Fisher wrote for every level of need, from the basics of feeding in poverty (“How to Stay Alive”) to the joys of nurturing the spirit and body. As the coronavirus continues to affect groups disproportionately, the importance of this spectrum of responses is clear: sometimes we can afford fantasy, but first we have to address the essentials to stay alive. Consequently, Fisher’s chapters begin with ration-conscious recipes and direct guidance (“How to Boil Water”), before moving on to the poetic “How Not to Be an Earthworm” and “How to Pray for Peace,” a chapter that sanctifies carbohydrates.

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How to cook a wolf is not a guide to the

particular needs of our age, nor is history intended to be a manual for the present. What it can provide is comfort: reading a voice through the years and realizing that some things, like spirit, arise in any crisis. In “How to Rise Up Like New Bread”, Fisher described the “almost mystical pride and sense of self-pleasure” of seeing freshly baked breads; A familiar feeling for anyone who has dabbled in the growing trend of sourdough during quarantine. “You will know, from smelling them and remembering the strange cold solidity of the dough that swells around your wrist when you hit it, what people have known for centuries about the sanctity of bread.” In circumstances beyond our control, creative and repetitive movement provides us with focus and comfort, as well as a tangible result.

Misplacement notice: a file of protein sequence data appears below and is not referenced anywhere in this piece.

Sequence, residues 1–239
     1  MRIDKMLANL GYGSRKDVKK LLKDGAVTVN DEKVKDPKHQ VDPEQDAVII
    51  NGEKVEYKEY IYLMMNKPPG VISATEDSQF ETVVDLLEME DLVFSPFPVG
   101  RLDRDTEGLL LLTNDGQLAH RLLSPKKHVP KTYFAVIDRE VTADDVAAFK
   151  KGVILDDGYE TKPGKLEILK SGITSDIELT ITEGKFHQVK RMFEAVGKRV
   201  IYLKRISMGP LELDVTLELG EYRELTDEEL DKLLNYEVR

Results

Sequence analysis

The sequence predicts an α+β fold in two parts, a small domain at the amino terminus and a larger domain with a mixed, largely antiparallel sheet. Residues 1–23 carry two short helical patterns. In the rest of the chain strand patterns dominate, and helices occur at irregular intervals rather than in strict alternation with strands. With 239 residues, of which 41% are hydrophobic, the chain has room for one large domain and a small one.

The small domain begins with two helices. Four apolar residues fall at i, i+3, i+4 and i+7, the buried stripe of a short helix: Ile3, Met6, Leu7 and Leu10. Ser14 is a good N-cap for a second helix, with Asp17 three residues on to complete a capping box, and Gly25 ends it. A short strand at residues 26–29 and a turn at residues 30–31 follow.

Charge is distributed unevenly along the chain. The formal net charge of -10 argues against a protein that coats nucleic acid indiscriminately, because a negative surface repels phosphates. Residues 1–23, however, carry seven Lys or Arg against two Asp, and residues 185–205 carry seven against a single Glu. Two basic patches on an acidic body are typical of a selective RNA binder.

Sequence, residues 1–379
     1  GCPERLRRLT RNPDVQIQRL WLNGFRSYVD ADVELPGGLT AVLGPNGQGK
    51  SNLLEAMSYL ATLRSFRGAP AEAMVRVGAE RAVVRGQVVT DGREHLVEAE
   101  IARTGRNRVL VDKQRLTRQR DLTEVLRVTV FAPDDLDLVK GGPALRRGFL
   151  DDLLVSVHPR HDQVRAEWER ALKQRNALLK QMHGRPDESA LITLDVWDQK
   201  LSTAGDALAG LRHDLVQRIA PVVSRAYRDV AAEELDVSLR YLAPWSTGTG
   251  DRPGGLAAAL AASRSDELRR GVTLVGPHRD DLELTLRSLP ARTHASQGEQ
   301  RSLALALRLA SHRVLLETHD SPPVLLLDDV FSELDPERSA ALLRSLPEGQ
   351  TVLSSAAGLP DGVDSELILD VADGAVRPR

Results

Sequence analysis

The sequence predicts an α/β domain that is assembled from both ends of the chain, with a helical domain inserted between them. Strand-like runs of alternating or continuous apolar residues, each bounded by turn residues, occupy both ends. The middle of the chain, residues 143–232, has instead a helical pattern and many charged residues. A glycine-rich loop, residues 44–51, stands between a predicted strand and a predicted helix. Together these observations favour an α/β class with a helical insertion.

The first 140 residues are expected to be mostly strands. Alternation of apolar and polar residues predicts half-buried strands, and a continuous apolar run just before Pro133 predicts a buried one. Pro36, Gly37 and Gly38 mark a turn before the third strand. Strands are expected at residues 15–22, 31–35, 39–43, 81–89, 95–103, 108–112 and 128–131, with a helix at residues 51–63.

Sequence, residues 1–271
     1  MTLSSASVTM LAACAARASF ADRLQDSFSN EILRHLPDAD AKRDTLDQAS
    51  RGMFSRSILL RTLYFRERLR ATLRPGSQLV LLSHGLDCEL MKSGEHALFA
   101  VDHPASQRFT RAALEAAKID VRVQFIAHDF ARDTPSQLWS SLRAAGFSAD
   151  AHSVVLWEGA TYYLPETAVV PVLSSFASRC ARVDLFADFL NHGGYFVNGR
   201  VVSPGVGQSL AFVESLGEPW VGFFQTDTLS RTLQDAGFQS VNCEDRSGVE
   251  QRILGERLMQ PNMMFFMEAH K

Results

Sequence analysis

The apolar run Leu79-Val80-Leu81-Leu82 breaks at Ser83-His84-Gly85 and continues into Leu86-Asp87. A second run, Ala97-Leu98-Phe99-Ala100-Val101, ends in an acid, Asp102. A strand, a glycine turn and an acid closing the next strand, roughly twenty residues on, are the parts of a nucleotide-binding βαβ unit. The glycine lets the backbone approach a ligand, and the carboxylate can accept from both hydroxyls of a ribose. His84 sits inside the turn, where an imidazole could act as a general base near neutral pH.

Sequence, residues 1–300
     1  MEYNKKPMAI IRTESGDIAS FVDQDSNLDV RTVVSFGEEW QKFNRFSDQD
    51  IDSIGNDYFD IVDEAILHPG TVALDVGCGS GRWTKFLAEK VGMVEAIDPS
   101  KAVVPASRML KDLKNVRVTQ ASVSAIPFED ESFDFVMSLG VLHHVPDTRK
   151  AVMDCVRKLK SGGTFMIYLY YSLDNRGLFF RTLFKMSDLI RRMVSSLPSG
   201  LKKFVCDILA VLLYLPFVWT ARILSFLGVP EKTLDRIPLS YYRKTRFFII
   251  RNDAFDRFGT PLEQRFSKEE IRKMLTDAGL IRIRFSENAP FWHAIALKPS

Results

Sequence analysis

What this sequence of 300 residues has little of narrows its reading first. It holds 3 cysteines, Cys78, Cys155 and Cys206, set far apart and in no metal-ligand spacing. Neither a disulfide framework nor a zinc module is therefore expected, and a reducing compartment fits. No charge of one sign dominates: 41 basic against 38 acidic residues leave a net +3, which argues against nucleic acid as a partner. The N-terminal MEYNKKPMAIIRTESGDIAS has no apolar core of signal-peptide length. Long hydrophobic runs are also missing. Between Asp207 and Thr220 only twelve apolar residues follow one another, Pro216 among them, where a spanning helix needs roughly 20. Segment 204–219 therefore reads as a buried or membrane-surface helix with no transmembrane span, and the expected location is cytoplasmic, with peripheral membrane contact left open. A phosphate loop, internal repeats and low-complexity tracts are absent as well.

Of cheese, Fisher writes, “in a moment of danger and unspoken fear it is an anesthetic.” Another constant: alcohol. “How to Drink to the Wolf” includes a recipe for homemade vodka, as hard liquor was hard to come by. Alcohol sales have skyrocketed during quarantine as people stock up instead of going to bars, but, if Fisher is any guide, brewing may follow sourdough as the next stay-at-home trend. (I’ve already studied distilling my own gin.)